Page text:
Readers know that I’ve been critical of those who cherry-pick words out of North Korean dictators’ rambling New Year speeches to find evidence to support their arguments. Having made the sacrifice of actually reading this one (full text below the jump), I would not characterize it as profoundly different from the same old crap North Korean dictators have told their subjects year after year. No, it was not quite a North Korean “malaise speech,” but it was filled with clear (if tacit) acknowledgments that the byungjin policy (nukes plus economic development) hasn’t delivered the “white rice and meat soup” Kim Jong-un promised North Koreans five years ago.
So, on guard against overstating the significance of what follows, this language shows more contrition and introspection than I’m accustomed to from North Korean tyrants.
My desires were burning all the time, but I spent the past year feeling anxious and remorseful for the lack of my ability. I am hardening my resolve to seek more tasks for the sake of the people this year and make redoubled, devoted efforts to this end.
Previously, all the people used to sing the song We Are the Happiest in the World, feeling optimistic about the future with confidence in the great Comrades Kim Il Sung and Kim Jong Il. I will work with devotion to ensure that the past era does not remain as a moment in history but is re-presented in the present era. On this first morning of the new year I swear to become a true servant loyal to our people who faithfully supports them with a pure conscience.
Alternative translation here, via NK News. Of course, Kim Jong-un and his father have struck notes of contrition in these speeches before. The theme of a self-sacrificing paternal leader deeply concerned for the welfare of his subjects is an old one in North Korean propaganda. Even so, this seems even more contrite than usual. I haven’t the time or the stomach to do a line-by-line linguistic comparison, but I don’t recall His Porcine Majesty having used — or closed with — such strong language before. Clearly, he knows that things should have been better by now. He knows that his people are unhappy with their standard of living, and perhaps more. Whoever wrote the text saw a need for him to acknowledge the misery of his people, lest he seem detached or callous about it.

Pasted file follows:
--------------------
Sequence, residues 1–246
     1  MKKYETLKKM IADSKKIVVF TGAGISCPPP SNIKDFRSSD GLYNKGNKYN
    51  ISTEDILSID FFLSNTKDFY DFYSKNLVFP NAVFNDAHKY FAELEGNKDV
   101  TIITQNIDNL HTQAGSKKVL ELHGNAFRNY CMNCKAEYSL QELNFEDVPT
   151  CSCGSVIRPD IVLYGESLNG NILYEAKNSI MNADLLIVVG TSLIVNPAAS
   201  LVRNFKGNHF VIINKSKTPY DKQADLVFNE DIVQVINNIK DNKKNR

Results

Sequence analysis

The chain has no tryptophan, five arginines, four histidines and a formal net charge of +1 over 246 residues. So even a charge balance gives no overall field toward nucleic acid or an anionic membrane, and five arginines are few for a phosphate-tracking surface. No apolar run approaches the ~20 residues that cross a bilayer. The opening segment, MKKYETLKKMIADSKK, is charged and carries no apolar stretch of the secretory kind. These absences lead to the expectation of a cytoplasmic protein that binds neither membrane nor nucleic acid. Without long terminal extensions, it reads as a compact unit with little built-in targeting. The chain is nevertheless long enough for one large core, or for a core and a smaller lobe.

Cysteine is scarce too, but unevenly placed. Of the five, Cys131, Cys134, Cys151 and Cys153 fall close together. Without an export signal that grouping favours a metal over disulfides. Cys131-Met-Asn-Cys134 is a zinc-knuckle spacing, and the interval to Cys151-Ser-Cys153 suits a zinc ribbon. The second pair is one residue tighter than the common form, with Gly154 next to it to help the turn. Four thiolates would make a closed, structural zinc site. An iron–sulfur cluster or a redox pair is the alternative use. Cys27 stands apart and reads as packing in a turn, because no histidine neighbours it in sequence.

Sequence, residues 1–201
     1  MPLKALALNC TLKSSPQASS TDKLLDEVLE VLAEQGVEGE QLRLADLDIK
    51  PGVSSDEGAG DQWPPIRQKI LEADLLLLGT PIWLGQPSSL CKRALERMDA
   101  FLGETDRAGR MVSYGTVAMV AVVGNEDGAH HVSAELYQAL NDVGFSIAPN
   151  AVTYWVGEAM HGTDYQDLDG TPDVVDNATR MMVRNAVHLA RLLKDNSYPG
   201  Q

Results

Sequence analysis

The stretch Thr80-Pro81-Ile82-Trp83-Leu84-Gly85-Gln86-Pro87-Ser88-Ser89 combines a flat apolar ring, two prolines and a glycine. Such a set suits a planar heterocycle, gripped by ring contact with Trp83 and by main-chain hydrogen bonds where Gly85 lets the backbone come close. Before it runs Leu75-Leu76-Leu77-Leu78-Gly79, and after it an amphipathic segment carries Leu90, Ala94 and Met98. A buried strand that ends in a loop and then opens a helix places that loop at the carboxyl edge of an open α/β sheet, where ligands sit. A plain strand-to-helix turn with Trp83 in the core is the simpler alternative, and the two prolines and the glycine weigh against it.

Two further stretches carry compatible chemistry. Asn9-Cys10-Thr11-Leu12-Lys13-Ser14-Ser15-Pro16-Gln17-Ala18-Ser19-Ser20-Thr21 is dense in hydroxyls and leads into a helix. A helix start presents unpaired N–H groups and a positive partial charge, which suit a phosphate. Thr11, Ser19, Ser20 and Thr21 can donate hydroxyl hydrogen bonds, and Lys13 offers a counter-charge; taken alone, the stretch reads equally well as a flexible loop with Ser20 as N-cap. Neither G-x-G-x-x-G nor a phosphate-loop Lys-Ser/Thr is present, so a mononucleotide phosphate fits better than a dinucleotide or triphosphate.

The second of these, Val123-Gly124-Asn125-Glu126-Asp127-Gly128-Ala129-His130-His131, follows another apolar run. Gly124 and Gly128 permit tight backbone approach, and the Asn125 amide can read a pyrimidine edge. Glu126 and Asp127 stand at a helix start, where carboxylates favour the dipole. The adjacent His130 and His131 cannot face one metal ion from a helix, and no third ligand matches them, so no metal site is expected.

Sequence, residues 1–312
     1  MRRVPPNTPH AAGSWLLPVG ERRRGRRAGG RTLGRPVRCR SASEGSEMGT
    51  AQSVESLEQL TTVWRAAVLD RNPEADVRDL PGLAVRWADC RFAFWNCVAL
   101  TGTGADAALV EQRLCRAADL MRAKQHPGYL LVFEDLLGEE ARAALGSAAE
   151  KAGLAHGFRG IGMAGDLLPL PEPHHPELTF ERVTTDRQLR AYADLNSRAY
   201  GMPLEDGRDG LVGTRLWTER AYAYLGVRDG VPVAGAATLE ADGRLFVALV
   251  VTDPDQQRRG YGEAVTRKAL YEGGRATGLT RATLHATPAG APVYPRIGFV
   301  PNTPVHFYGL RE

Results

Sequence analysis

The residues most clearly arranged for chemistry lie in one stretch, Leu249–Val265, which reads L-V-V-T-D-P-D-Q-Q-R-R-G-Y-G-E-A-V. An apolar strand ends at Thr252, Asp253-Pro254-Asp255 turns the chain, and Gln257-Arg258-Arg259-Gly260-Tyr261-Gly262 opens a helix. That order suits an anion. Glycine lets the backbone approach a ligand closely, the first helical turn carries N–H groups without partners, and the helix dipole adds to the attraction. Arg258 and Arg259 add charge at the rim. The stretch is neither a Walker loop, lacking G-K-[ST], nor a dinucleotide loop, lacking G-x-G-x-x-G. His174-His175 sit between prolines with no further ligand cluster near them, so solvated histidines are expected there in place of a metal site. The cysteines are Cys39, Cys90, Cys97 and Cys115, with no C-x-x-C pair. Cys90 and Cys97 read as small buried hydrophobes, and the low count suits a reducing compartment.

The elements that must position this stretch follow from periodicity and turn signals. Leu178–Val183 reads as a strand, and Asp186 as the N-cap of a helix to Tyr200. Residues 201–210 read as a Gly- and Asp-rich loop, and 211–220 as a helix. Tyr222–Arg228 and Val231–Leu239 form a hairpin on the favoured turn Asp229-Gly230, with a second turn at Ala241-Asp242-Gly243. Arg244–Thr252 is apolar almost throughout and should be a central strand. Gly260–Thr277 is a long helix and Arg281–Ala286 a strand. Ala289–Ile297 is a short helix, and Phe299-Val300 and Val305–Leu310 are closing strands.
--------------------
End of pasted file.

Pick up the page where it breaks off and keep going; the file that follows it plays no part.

Contrast Kim’s aspirational claims about prosperity and economic development with his claims of “consolidating the defence capability of Juche Korea” and that North Korea had “achieved the status of a nuclear power, a military giant, in the East which no enemy, however formidable, would dare to provoke.” There’s nothing aspirational about that. Still, it can’t be lost on his people that he’d traded away their prosperity for his nukes, so he tried to project blame:
Even though the enemy grew more blatant in their obstructive schemes and severe difficulties cropped up one after another, all the service personnel and people drew themselves closer together around the Party and waged a vigorous struggle in the revolutionary spirit of self-reliance and fortitude. This was how they achieved the world-startling, miraculous successes under such trying circumstances.
Last year the imperialist reactionary forces’ moves for political and military pressure and sanctions against our country reached an extreme. But they failed to break the faith of our service personnel and people in victory, and could not check the vigorous revolutionary advance of Juche Korea.
We should resolutely thwart the enemy’s sinister and pernicious schemes to check the warm and pure-hearted aspiration of our people who follow the Party single-heartedly and to alienate the Party from them.